Ball tested: Top-Flite D2+ Feel
Tested for golfers with average driving distance of: 125 yards or less (carry + roll) / 126 to 195 yards (carry + roll) / 196 to 245 (carry + roll)
Specs: Construction – Two-piece; Cover – Ionomer; Core – Polybutadiene; Dimples / Pattern – 332 in “Dimple in Dimple” design
Some manufacturers do not reveal or emphasize the compression ratings of new golf balls. Some models are now designed and marketed to fit and appeal to a golfers preferences for price, distance, spin, feel and control.
Price as tested (new): $15.99 per package of 15
Ball notes: It takes guts to tout a two-piece, ionomer-covered ball for its feel – especially if your brand was once associated with products so hard they were often compared to cue ball – so credit Top-Flite for going where other companies fear to tread. ( Wilson being a notable exception.) The D2+ Feel aims at golfers who want maximum distance at a low price, in a softer package than standard “distance” balls usually offer.
The D2+ lineup also includes the Distance and Straight models, which appeal to those with slightly different preferences. The Feel version features the lowest core compression and softest cover of the trio. There’s a women’s version as well, the D2+ Diva.
Is Feel an accurate term, or a misnomer tacked on by the marketing folks? Read on for our opinion.
On the clubface: By testing the D2+ Feel simultaneously with its sibling models, we were able to compare the three balls directly in each category. That made it easy to tell the Feel version is, indeed, considerably softer than its counterparts. This carried throughout the bag, no exceptions, driver to putter. Not only did the Feel stack up well against its own kind, we’d rank it alongside “premium” balls from Titleist, Bridgestone and other big-name manufacturers.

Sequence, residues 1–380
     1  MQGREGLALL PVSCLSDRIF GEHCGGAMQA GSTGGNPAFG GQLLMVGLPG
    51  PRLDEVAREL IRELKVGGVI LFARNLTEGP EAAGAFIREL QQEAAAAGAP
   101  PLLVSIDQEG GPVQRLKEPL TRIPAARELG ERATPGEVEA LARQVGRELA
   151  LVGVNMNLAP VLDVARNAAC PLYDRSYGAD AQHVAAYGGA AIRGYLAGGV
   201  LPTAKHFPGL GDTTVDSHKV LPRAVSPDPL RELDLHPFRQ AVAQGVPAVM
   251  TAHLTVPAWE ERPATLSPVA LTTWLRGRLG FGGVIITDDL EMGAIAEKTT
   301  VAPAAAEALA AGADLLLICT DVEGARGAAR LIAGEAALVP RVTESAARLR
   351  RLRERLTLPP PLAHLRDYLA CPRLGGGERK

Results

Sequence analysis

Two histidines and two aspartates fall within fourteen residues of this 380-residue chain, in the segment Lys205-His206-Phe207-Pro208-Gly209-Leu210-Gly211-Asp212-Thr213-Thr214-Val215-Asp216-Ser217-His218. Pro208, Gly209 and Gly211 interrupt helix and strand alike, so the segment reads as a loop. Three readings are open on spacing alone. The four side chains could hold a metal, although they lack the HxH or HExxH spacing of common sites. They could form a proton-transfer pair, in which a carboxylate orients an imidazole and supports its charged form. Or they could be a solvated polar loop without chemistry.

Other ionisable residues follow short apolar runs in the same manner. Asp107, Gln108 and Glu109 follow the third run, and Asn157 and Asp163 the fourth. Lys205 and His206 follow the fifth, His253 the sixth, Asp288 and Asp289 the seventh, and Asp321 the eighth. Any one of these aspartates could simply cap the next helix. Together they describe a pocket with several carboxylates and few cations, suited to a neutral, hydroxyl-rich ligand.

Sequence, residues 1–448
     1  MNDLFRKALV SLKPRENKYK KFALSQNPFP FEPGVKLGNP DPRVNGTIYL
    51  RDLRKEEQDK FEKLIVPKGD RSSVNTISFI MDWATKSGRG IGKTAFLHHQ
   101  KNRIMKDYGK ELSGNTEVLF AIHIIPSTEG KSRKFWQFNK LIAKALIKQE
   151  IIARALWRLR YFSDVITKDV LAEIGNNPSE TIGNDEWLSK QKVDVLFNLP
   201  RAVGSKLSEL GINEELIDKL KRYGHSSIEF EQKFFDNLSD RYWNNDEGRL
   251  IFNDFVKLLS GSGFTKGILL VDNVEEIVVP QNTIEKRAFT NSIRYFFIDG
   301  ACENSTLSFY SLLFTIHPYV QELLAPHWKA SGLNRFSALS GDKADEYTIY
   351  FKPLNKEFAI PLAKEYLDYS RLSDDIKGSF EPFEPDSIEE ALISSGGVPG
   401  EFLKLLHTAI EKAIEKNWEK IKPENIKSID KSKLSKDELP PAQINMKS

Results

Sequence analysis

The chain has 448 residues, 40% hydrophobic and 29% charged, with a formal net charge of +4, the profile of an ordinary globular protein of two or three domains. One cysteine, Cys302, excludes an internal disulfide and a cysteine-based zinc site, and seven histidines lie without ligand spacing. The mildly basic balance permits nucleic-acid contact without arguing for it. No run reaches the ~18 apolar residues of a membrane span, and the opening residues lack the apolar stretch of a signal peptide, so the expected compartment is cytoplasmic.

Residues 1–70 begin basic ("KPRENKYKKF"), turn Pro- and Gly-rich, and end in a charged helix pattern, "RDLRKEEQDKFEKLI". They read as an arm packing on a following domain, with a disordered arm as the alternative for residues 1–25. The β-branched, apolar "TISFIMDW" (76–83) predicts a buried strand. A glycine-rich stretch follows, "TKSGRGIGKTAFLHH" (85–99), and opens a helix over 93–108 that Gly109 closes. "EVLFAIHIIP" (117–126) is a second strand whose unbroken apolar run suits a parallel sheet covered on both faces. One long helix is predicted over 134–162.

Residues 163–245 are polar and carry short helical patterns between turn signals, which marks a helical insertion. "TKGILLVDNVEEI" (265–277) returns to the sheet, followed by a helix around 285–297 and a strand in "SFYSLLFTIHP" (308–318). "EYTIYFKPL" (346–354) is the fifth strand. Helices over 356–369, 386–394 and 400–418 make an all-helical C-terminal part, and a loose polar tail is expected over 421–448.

Off the tee: Frankly, the D2+ Feel caught us off guard here. We expected the ball to come up a little short vs. the Distance and Straight models, but it proved every bit as long. The medium-high trajectory and accurate, unwavering flight were right there with the others, too.
From the fairway / rough: Having been pleasantly surprised by the Feel’s driving performance, we were primed for a letdown in the approach game. But guess what? The ball acquitted itself quite well with the irons. It’s a far cry from “tour” models for spin and workability, but competitive with any value ball we’ve tried. You can actually count on well-struck iron shots stopping pretty abruptly, especially the wedges.
Around the green: We’re admittedly partial to multi-layered, urethane golf balls for greenside control, but the D2+ Feel provided enough spin and versatility to leave most two-piece, firm-cover models in the dust. The low compression gives it a fine “thump” off the putter blade as well.
Bottom line: All things being equal, we’d choose the D2+ Feel as our favorite of this Top-Flite series. Judged against its peers, the ball provided similar results with the driver and superior performance from fairway to cup. Not to dismiss the Distance and Straight versions, but Feel offers everything they do and then some – at the exact same price.
Value/Recreational/Distance – Designed for mid- to high-handicap golfers with swing speeds below 90 mph; typically feature two-piece construction and firm covers; promote greater distance over high spin rates. Examples: Pinnacle Gold, Slazenger RAW Distance
Premium – Designed for low- to mid-handicap golfers with swing speeds of 90-99 mph; typically feature multi-layer construction and medium-soft covers; happy medium between Value/Recreational and Tour categories for distance and spin qualities. Examples: Titleist NXT Tour, Callaway HEX Diablo
Tour/Advanced/Performance – Designed for low-handicap and professional golfers with swing speeds in excess of 100 mph; typically feature multi-layer construction and soft covers; promote greater spin rates and enhanced feel over distance. Examples: Titleist ProV1, Bridgestone Tour B330